Archive for October, 2018

Remembering Albert Hirschman’s tunnel effect

October 31, 2018

Prof Timothy Taylor in his blog remembers Hirshman’s tunnel effect and links it to inequality debate:

Hirschman was focused on issues of economic development. He offers examples of a number of countries where many poor people welcome signs of economic development before it touches them personally in any way–presumably because they are in the position of that driver stuck in the left lane who is taking hope from the movement of the right-hand lane.  He also points out that this tunnel effect can lead to a sense of complacency among leaders, when most people seem to be supportive of the processes that are leading to inequality, so that the leaders are unprepared when people start to denounce those same practices.

“Providential and tremendously helpful as the tunnel effect is in one respect (because it accommodates the inequalities almost inevitably arising in the course of development), it is also treacherous: the rulers are not necessarily given any advance notice about its decay and exhaustion, that is, about the time at which they ought to be on the lookout for a drastically different climate of public and popular opinion; on the contrary, they are lulled into complacency by the easy early stage when everybody seems to be enjoying the very process that will later be vehemently denounced and damned as one consisting essentially in `the rich becoming richer.'”

Writing back in 1973, Hirschman offers examples of “development disasters,” in which those stuck in the left lane have come to strongly suspect that economic development will not benefit them, and thus a high degree of social unrest emerges. and he cites Nigeria, Pakistan, Brazil and Mexico as facing these issues in various ways.

I find myself thinking about the tunnel effect and expectations about future social mobility in the current context of the United States. Rising economic inequality in the United States goes back to the 1970s, and the single biggest jump in inequality at the very top of the income distribution happened in the 1990s when stock options and executive compensation took off. But my unscientific sense is that at that time, during the dot-com boom of the 1990s, many people who were either pleased, or not that unhappy, with the rise in inequality of that time. There seemed to be new economic opportunities opening up, new businesses were starting, unemployment rates were low, cool new products and services were becoming available. Even if you were for the time stuck in the left lane, all that movement in the right lane seemed to offer opportunities.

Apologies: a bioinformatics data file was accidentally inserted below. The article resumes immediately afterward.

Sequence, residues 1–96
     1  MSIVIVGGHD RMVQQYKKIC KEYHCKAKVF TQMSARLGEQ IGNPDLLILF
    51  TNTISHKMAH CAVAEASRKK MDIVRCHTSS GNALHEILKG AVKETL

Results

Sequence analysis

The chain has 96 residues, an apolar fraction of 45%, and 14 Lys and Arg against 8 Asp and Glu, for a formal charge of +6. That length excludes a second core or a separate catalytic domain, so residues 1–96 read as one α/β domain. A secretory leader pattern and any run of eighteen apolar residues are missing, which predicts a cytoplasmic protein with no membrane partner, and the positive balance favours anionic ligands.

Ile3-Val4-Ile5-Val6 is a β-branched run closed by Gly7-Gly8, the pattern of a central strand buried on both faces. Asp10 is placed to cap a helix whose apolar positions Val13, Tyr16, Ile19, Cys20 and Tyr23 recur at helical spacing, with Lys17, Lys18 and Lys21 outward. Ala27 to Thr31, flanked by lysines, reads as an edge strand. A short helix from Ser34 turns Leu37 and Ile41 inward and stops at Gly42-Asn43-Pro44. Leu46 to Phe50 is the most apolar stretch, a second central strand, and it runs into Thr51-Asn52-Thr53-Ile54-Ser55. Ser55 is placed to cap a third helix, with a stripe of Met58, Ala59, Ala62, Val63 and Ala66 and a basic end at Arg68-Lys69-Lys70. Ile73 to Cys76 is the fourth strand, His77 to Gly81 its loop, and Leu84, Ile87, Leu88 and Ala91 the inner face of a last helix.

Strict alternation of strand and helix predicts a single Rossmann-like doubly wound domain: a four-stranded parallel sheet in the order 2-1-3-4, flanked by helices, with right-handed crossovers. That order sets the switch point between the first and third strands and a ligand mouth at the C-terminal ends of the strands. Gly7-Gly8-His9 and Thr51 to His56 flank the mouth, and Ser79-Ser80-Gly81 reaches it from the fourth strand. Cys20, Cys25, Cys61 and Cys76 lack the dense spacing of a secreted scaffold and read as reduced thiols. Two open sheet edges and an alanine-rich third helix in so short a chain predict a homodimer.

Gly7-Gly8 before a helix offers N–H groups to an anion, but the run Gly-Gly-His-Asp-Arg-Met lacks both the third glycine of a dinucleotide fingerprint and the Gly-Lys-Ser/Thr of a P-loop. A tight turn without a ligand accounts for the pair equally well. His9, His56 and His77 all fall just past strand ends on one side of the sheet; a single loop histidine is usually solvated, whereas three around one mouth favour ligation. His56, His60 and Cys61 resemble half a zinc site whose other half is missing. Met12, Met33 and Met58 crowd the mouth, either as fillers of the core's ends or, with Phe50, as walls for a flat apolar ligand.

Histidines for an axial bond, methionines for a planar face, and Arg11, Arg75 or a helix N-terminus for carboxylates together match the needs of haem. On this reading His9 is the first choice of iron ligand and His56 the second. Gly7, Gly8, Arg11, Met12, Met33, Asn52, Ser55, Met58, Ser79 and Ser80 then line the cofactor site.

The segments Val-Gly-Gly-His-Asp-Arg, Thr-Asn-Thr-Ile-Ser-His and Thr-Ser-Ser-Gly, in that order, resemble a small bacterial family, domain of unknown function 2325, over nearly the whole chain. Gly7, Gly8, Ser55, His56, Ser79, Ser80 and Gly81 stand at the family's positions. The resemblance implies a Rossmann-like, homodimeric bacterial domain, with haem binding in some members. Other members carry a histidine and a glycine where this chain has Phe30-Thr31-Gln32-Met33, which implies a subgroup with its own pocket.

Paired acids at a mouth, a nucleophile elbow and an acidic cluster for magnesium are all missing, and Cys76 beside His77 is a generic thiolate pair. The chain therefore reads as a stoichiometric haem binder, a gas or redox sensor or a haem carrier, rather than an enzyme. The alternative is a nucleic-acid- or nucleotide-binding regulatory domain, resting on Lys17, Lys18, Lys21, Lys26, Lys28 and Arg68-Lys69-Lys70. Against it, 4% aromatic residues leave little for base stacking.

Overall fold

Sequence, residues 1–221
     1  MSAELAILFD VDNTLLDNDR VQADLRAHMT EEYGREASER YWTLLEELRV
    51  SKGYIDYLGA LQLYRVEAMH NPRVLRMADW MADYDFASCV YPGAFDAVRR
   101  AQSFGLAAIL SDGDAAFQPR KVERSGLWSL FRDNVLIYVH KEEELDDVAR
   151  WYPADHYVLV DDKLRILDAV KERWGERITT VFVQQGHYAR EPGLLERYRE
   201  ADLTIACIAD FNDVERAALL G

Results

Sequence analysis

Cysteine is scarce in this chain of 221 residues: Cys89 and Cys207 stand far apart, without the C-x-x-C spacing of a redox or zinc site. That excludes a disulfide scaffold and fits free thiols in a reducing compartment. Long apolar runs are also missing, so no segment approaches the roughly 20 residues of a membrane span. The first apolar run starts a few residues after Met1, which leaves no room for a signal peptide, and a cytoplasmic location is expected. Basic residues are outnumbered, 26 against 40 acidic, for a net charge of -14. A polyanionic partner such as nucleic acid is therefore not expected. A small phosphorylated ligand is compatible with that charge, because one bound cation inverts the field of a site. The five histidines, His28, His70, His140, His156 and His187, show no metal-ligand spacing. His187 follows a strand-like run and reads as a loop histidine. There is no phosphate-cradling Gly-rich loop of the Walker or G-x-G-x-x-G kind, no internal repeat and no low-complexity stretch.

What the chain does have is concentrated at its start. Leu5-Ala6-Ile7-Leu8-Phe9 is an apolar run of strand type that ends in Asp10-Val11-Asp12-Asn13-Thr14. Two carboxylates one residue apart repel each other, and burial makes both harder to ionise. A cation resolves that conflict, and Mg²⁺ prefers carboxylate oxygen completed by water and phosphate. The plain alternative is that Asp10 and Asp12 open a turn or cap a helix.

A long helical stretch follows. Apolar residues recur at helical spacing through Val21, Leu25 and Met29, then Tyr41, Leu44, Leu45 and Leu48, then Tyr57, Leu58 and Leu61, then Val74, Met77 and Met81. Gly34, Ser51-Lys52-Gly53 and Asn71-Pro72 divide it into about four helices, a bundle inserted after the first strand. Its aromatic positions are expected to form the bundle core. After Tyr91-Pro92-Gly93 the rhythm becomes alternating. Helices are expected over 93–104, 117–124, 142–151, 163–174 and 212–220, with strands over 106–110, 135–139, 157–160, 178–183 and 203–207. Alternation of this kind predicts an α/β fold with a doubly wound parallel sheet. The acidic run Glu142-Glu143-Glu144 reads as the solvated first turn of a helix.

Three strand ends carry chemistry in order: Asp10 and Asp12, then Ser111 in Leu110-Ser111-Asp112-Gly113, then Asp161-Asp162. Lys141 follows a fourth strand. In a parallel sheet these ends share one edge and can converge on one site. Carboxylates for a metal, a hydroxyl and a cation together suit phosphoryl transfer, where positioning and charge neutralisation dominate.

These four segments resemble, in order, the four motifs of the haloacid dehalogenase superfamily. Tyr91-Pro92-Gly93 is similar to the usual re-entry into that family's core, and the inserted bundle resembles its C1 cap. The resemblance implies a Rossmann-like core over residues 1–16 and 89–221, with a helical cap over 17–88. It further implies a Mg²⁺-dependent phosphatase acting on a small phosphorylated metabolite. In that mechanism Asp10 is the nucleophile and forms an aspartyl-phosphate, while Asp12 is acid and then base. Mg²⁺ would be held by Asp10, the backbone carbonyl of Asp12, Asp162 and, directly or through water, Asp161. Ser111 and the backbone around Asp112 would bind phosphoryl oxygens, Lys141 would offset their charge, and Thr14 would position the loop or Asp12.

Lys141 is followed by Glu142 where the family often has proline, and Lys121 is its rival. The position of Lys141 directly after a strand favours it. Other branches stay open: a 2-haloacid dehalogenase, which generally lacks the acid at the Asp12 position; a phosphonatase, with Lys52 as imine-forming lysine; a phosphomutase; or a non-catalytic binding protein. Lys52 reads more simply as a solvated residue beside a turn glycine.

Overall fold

But that optimistic view of high and rising inequality came apart in the 2000s, under pressure from a from a number of factors: the sharp rise in imports from China in the early 2000s that hit a number of local areas so hard; the rise of the opioid epidemic, with its dramatically rising death toll exceeding 40,000 in 2016; and the carnage in employment and housing markets in the aftermath of the Great Recession.  In Hirschman’s words, it seems to me that many politicians were “lulled into complacency by the easy early stage when everybody seems to be enjoying the very process that will later be vehemently denounced and damned as one consisting essentially in `the rich becoming richer.'”

Of course, no country is really one big tunnel. When people look at high or rising inequality, their views will often depend on the extent to which they feel some commonality–Hirschman calls it “shared historical experience”–with those who are moving ahead more briskly. In turn, this feeling may depend on the extent to which those who are moving ahead more briskly segment themselves off as a special and separate guild, with an implicit claim that they are just more worthy, or the extent to which they act in ways that embody broader and more inclusive outcomes.


Hirschman was from a different league altogether. What a thinker and communicator of economic ideas…


The history and importance of Section 7 (1) of RBI Act (1934)

October 31, 2018

Lot of talk in media about Section 7(1) of RBI Act 1934. As per media reports, Government has invoked this section to give certain orders to the central bank. See this by Ira Dugal.

Section 7 of RBI Act states:

1) The Central Government may from time to time give such directions to the Bank as it may, after consultation with the Governor of the Bank, consider
necessary in the public interest.

(2) Subject to any such directions, the general superintendence and direction of the affairs and business of the Bank shall be entrusted to a Central Board of
Directors which may exercise all powers and do all acts and things which may be exercised or done by the Bank.

(3) Save as otherwise provided in regulations made by the Central Board, the Governor and in his absence the Deputy Governor nominated by him in this
behalf, shall also have powers of general superintendence and direction of the affairs and the business of the Bank, and may exercise all powers and do all acts
and things which may be exercised or done by the Bank.]

I  had blogged about the history of Section 7(1) in an earlier post. Reblogging it:


Sweden moves closer to issuing e-krona…

October 30, 2018

In Sweden, physical cash continues to decline and this has led to Swedes thinking of introducing a cash law.

Parallely, they are now moving closer to issuing a central bank digital currency:


Remembering Prof Dwijendra Tripathi: Why is India’s business history important?

October 30, 2018

Prof Tirthankar Roy pays tribute to Prof Dwijendra Tripathi.